The word dispute cannot be interpreted in a limited and restrictive sense. The tribunal observed that the definition of the word 'dispute' is inclusive and not exhaustive, and therefore it need not be interpreted in a restrictive light. It stated that the term dispute applies to any dispute that has arisen or is pending before the application for CIRP was made. The NCLAT included within this definition, the disputes which are pending with different adjudicating authorities such as, Consumer Courts, Adjudicating Tribunals, arbitration proceedings, mediation or conciliation proceedings as well as any action taken by a Corporate Debtor under any act or law such as replying to a notice under section 80 of the Code of Civil Procedure, 1908, or an action under section 59 of the Sale of Goods Act, 1930 or an action regarding the quality of goods provided by an Operational Creditor. etc. Dispute also includes any dispute raised by the operational debtor with respect to the quality of goods and services delivered or breach of representation of warranty by the operational creditor. On the other hand, the CALT also stated that this interpretation should not be used as a tool by the corporate debtors to avoid or evade insolvency proceedings by mentioning any unsubstantiated or frivolous dispute.

The content of this article is intended to provide a general guide to the subject matter. Specialist advice should be sought about your specific circumstances.

To print this article, all you need is to be registered on

Click to Login as an existing user or Register so you can print this article.

S.S. Rana & Co. Advocates
In association with
Related Video
Up-coming Events Search
Font Size:
Mondaq on Twitter
Register for Access and our Free Biweekly Alert for
This service is completely free. Access 250,000 archived articles from 100+ countries and get a personalised email twice a week covering developments (and yes, our lawyers like to think you’ve read our Disclaimer).
Email Address
Company Name
Confirm Password
Mondaq Topics -- Select your Interests
 Law Performance
 Law Practice
 Media & IT
 Real Estate
 Wealth Mgt
Asia Pacific
European Union
Latin America
Middle East
United States
Worldwide Updates
Check to state you have read and
agree to our Terms and Conditions

Terms & Conditions and Privacy Statement (the Website) is owned and managed by Mondaq Ltd and as a user you are granted a non-exclusive, revocable license to access the Website under its terms and conditions of use. Your use of the Website constitutes your agreement to the following terms and conditions of use. Mondaq Ltd may terminate your use of the Website if you are in breach of these terms and conditions or if Mondaq Ltd decides to terminate your license of use for whatever reason.

Use of

You may use the Website but are required to register as a user if you wish to read the full text of the content and articles available (the Content). You may not modify, publish, transmit, transfer or sell, reproduce, create derivative works from, distribute, perform, link, display, or in any way exploit any of the Content, in whole or in part, except as expressly permitted in these terms & conditions or with the prior written consent of Mondaq Ltd. You may not use electronic or other means to extract details or information about’s content, users or contributors in order to offer them any services or products which compete directly or indirectly with Mondaq Ltd’s services and products.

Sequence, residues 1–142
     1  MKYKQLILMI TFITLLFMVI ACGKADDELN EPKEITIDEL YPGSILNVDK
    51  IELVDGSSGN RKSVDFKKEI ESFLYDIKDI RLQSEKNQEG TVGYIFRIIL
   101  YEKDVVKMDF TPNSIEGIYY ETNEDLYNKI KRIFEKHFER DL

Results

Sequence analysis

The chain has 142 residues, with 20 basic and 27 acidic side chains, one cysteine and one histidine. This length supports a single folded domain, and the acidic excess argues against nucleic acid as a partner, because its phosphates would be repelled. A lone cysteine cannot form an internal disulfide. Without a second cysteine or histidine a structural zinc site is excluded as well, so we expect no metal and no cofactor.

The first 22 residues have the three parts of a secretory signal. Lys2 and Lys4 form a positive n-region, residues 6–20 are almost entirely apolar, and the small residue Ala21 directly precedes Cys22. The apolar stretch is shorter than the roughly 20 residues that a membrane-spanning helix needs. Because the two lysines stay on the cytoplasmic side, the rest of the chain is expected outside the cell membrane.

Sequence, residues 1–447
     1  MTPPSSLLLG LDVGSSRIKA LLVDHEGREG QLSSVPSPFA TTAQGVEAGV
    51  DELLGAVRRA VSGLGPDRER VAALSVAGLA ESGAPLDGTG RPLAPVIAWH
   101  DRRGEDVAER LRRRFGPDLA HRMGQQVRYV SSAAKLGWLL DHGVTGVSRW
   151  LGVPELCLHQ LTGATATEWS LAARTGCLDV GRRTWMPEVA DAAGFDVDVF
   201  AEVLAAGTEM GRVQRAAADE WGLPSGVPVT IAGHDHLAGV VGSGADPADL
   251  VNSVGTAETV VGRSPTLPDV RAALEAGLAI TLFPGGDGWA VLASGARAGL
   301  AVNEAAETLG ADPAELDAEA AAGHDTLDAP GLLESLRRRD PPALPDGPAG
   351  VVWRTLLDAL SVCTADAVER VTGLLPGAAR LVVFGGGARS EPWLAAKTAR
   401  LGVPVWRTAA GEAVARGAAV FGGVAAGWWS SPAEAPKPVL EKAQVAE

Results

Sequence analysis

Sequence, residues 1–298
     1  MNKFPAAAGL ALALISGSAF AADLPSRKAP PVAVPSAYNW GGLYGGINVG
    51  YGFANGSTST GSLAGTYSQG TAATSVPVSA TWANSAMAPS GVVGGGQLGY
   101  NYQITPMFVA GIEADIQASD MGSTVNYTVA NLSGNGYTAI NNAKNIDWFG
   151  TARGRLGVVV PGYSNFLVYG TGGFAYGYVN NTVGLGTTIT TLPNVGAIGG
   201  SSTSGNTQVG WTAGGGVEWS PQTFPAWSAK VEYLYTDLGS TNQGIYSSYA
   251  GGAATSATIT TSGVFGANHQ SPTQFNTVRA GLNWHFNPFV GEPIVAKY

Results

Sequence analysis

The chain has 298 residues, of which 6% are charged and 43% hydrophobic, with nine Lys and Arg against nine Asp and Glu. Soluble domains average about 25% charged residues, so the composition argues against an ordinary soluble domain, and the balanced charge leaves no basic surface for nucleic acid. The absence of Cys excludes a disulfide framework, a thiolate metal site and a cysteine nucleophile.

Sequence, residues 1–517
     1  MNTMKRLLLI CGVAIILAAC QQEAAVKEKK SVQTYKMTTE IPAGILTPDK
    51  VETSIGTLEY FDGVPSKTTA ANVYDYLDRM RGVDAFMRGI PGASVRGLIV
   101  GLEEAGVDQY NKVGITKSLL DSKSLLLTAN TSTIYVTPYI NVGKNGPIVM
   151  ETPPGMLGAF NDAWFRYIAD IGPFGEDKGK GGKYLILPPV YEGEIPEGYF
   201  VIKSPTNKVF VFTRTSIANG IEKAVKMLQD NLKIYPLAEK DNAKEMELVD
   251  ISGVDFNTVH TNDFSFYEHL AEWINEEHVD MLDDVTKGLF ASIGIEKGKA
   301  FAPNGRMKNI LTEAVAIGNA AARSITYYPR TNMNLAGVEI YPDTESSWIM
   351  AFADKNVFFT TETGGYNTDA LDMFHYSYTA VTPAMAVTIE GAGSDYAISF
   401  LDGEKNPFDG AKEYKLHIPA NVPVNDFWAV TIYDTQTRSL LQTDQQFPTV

Mondaq Ltd and/or its respective suppliers make no representations about the suitability of the information contained in the documents and related graphics published on this server for any purpose. All such documents and related graphics are provided "as is" without warranty of any kind. Mondaq Ltd and/or its respective suppliers hereby disclaim all warranties and conditions with regard to this information, including all implied warranties and conditions of merchantability, fitness for a particular purpose, title and non-infringement. In no event shall Mondaq Ltd and/or its respective suppliers be liable for any special, indirect or consequential damages or any damages whatsoever resulting from loss of use, data or profits, whether in an action of contract, negligence or other tortious action, arising out of or in connection with the use or performance of information available from this server.

The documents and related graphics published on this server could include technical inaccuracies or typographical errors. Changes are periodically added to the information herein. Mondaq Ltd and/or its respective suppliers may make improvements and/or changes in the product(s) and/or the program(s) described herein at any time.


Mondaq Ltd requires you to register and provide information that personally identifies you, including what sort of information you are interested in, for three primary purposes:

  • To allow you to personalize the Mondaq websites you are visiting.
  • To enable features such as password reminder, newsletter alerts, email a colleague, and linking from Mondaq (and its affiliate sites) to your website.
  • To produce demographic feedback for our information providers who provide information free for your use.

Mondaq (and its affiliate sites) do not sell or provide your details to third parties other than information providers. The reason we provide our information providers with this information is so that they can measure the response their articles are receiving and provide you with information about their products and services.

If you do not want us to provide your name and email address you may opt out by clicking here .

If you do not wish to receive any future announcements of products and services offered by Mondaq by clicking here .

Information Collection and Use

We require site users to register with Mondaq (and its affiliate sites) to view the free information on the site. We also collect information from our users at several different points on the websites: this is so that we can customise the sites according to individual usage, provide 'session-aware' functionality, and ensure that content is acquired and developed appropriately. This gives us an overall picture of our user profiles, which in turn shows to our Editorial Contributors the type of person they are reaching by posting articles on Mondaq (and its affiliate sites) – meaning more free content for registered users.